Tongue with green onion and 6 kinds of Intestines, Oh, Japan, stop! You’re making my vegetarian mouth water. It’s not Japanglish but it still made me giggle.

I’m so curious about what the 6 kinds of intestines are. Do you think they come from 6 different animals? Pig, cow, sheep, … chicken? Fish? I should have looked into it more.

And tongue? Eesh. I know I’m single but I’m not that desperate yet.


Temple & Shrine Hopping in Kyoto

What can I say about my week long holiday in Kyoto that won’t make me sound like a complete Japanophile creep?

Nothing. That’s what.

loved Japan. Everything made me smile: The architecture, the food, the people, the places, the weather, the music. I’m officially happy to be a Japanophile (I didn’t even know that was a real word) for the foreseeable future.

Or, at least, a Kyotophile.

I mean, I’m not claiming to be an expert here; I only spent a week in Kyoto. There were 2 days in Osaka tacked onto the end but, unfortunately, a huge typhoon hit so we spent our last afternoon having a quick nose around the downtown area and then grabbing some sushi and sake to enjoy in our ryokan-style hotel.


The world's coolest looking jewelry shop.

The world’s coolest looking jewelry shop.


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Tour of my Korean Apartment

I’ve been living in the same place for almost 18 months now and have been putting off doing one of these for what feels like forever.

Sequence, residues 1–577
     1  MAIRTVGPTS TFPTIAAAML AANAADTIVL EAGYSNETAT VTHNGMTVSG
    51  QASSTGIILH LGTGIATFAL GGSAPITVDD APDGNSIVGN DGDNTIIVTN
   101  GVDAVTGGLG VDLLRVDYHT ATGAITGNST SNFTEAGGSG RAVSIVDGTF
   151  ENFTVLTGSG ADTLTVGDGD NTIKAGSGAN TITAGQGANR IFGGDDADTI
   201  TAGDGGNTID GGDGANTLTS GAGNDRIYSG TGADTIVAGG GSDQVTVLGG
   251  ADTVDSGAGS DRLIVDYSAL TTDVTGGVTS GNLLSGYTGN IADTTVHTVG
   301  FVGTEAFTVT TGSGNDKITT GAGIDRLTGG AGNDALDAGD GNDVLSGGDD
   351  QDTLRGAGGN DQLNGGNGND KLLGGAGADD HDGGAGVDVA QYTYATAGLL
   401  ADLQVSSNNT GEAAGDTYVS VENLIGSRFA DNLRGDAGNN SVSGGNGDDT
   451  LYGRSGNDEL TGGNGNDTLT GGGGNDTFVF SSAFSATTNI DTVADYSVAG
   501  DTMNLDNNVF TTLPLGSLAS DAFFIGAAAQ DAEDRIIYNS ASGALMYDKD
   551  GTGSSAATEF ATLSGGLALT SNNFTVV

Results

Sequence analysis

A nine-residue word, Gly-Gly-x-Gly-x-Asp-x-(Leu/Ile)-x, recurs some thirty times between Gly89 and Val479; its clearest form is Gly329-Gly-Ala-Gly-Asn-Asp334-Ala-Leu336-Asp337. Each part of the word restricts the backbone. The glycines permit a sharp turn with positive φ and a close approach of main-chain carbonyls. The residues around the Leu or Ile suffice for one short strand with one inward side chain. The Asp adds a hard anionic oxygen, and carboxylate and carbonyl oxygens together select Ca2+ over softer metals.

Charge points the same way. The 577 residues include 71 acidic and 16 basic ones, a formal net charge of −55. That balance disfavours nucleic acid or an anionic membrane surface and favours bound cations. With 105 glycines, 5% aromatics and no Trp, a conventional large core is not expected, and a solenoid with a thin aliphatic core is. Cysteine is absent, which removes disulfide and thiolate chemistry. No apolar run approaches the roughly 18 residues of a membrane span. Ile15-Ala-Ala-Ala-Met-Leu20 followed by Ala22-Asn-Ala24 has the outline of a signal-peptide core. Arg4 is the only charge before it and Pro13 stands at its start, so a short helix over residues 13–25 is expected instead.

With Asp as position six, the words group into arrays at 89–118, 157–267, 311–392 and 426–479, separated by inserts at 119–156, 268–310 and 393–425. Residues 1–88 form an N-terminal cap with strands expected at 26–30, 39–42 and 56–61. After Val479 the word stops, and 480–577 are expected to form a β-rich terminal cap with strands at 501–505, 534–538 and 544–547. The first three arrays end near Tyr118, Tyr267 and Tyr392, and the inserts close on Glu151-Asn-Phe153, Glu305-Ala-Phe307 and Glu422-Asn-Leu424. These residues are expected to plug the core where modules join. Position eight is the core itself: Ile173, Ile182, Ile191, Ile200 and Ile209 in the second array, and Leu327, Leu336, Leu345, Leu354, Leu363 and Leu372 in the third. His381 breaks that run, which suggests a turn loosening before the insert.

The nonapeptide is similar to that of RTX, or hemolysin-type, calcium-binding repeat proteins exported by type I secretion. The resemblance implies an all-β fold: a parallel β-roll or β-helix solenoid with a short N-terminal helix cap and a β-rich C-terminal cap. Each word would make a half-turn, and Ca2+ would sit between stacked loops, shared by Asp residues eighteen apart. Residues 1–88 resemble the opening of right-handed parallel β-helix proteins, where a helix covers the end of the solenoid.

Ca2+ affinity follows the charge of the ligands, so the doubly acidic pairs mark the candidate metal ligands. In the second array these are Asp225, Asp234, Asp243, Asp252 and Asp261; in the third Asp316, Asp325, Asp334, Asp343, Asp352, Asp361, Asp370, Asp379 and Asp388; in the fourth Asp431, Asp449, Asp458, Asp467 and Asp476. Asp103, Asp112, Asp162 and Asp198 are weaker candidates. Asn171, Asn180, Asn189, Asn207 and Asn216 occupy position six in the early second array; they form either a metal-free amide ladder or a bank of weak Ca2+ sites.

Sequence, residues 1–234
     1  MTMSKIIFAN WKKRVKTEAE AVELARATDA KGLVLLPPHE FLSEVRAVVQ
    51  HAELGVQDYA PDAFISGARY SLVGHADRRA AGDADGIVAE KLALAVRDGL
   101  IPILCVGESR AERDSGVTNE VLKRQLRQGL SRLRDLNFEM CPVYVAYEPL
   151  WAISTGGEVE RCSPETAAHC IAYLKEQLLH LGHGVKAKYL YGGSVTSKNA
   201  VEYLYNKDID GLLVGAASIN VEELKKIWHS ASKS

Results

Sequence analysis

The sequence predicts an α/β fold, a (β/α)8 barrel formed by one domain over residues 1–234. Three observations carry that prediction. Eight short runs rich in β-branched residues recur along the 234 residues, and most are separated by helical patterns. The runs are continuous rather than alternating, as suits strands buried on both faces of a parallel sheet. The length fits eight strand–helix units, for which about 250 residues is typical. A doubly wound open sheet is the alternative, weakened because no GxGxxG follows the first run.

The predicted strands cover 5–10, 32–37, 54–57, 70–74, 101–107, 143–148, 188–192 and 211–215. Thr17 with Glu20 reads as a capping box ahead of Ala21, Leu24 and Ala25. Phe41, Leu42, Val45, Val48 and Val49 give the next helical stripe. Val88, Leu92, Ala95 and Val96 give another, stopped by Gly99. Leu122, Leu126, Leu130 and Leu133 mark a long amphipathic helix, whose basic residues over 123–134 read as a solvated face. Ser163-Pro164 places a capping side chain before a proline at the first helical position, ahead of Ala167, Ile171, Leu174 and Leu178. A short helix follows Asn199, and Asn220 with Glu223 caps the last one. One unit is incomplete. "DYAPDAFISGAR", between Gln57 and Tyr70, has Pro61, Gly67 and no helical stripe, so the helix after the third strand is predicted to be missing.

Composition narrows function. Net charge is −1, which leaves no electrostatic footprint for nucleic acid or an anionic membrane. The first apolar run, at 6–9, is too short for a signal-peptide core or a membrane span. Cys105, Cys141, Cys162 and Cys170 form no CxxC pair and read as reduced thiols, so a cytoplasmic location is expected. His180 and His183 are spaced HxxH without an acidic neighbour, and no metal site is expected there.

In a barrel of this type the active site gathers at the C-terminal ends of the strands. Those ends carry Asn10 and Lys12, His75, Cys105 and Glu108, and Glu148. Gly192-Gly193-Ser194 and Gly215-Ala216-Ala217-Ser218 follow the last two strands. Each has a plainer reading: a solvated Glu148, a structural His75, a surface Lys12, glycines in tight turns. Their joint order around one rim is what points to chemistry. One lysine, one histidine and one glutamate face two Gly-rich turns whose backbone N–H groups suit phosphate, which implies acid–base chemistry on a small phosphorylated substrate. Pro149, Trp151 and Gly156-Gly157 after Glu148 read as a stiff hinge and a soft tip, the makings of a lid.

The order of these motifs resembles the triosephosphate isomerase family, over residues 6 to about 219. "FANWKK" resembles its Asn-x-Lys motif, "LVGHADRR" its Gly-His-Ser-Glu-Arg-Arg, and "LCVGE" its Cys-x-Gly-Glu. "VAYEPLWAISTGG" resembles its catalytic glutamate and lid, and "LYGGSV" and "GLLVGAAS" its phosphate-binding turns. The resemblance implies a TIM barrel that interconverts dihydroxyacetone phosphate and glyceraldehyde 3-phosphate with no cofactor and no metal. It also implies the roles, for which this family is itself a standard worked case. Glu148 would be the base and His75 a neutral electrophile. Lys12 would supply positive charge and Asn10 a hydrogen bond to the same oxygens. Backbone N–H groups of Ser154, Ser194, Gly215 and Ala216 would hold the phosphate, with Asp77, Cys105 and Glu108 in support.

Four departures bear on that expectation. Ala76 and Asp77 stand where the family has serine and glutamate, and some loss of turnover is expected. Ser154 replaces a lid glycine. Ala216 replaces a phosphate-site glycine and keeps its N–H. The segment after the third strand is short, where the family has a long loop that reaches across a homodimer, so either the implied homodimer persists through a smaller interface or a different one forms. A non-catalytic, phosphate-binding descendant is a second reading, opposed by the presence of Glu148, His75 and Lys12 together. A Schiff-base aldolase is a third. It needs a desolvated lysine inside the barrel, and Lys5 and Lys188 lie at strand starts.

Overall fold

Even though there are probably a thousand “apartment tour” videos on Youtube of teachers and expats showing off their Korean digs, I still thought it might be fun to throw my own into the mix. (Especially when I posted a shot of my apartment on Instagram last summer and everyone who had lived in Korea before seemed to freak out over the size of it.)

Unlike a lot of the studio apartments that teachers get assigned when they move here, I am actually lucky enough to live alone in a 2-bedroom place.

I love the space I have here. At first it seemed way too big for just one person. (Especially as my mind likes to play tricks on me at night. I’m serious – For the first 3 weeks here, I had to sleep with the living room lights on.) But now I’m used to it and it feels like home.

Sorry about the length of the video and sorry about the ridiculously heavy breathing and sniffing – My Asthma’s been playing up something awful this weekend.

Enjoy! (*snort*)

My Favourite Vegetarian Korean Food

Woohoo! A food post!

How long has it been since I did a food post? Maybe 2 years? Eek!